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Handle custody issues in mediation to protect your children

On Behalf of | Mar 28, 2018 | Mediation

Going through a divorce in New Jersey doesn’t have to be a protracted, damaging experience for you or your children. If you and your spouse can agree to work together, mediation may be an ideal solution for handling the end of your marriage. If you both agree that your marriage is over but you can’t agree about the terms for child custody or asset division, mediation could offer a path to resolution.

Mediation involves each spouse (and their individual attorneys) meeting with a neutral third party who serves as mediator. The spouses then work to find compromises to the terms of their divorce that work for everyone involved. This allows for an uncontested divorce where both spouses have more control over the end results. It can also help shield your children from the pains of divorce court.

Testifying in custody battles can damage children

Although speaking up in court can be empowering in some cases, that often isn’t the case for children at the center of child custody battles between their parents. It is natural for children to love both of their parents and to want to continue a relationship with both of them after a divorce. Being forced to choose where they would rather live in a public setting could be a source of great anxiety.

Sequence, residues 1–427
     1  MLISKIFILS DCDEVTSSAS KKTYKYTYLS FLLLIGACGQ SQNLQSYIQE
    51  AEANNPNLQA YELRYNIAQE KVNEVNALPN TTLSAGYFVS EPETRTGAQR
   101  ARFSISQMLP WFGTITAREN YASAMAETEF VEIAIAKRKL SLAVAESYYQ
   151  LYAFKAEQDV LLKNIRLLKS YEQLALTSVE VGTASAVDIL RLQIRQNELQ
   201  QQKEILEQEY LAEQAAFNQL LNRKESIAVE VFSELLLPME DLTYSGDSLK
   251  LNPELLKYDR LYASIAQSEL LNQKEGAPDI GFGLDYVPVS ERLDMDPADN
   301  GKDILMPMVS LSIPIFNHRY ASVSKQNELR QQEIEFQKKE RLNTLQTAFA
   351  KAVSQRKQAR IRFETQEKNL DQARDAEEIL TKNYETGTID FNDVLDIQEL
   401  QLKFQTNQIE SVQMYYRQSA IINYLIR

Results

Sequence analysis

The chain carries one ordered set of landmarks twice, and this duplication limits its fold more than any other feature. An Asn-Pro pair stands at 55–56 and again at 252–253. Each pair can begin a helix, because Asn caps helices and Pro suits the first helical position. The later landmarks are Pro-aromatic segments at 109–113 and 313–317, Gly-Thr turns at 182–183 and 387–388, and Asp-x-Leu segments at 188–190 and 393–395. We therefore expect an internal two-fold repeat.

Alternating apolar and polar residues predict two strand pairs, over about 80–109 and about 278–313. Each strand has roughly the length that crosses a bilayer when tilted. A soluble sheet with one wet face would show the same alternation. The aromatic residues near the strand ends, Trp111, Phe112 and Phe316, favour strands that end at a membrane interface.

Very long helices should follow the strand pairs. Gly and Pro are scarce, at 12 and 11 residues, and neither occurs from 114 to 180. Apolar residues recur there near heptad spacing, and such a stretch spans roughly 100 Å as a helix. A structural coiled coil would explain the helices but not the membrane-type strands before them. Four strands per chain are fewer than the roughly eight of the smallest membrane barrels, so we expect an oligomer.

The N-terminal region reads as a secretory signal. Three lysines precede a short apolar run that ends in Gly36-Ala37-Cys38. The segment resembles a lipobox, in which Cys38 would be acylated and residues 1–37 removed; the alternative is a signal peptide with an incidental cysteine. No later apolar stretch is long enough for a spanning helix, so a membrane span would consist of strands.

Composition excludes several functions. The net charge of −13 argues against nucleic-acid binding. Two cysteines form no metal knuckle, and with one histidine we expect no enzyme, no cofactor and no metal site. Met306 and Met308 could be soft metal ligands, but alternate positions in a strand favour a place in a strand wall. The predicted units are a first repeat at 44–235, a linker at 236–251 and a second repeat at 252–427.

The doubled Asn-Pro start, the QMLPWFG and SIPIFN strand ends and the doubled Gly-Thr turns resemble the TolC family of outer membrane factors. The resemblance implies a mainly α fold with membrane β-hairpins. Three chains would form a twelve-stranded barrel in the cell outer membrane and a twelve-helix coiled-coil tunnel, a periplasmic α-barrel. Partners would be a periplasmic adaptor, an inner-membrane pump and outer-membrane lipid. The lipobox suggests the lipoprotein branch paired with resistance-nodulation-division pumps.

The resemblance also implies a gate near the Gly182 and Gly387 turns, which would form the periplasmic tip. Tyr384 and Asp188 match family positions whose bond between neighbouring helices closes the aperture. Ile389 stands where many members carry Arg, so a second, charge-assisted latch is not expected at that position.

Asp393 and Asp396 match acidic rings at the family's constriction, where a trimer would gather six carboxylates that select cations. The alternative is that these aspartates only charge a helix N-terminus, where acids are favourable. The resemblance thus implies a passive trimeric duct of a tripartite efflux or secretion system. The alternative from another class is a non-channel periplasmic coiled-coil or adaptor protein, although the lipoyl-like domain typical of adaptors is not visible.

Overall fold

Children may worry about damaging the relationship with their other parent. They may also have anxiety in general about speaking up during the divorce. The result of all that stress could be depression, anger or other emotional issues that persist for weeks or longer. You can protect your child from this unnecessary stress by agreeing to mediate the terms of your custody agreement.

Custody arrangement aren’t usually all or nothing

Except in cases of abuse or addiction issues, most custody situations result in shared custody. No matter how hard the parents fight for full custody against one another, the court usually finds that shared custody is in the best interests of the children. The end result is still shared custody, but now with increased bitterness and acrimony between the parents as the result of the court battle.

Knowing that you will likely share custody in one way or another can help make the controlled compromise of mediation more appealing to some. At the very least, choosing mediation means having the power to make the final decisions and ensure that your most important concerns end up properly addressed.

Mediation can also help you and your spouse develop a healthier way to interact. Divorce can often leave separating spouses squabbling. Mediation can help you find better ways to speak with each other and even provide common ground as a foundation for a positive future co-parenting relationship.


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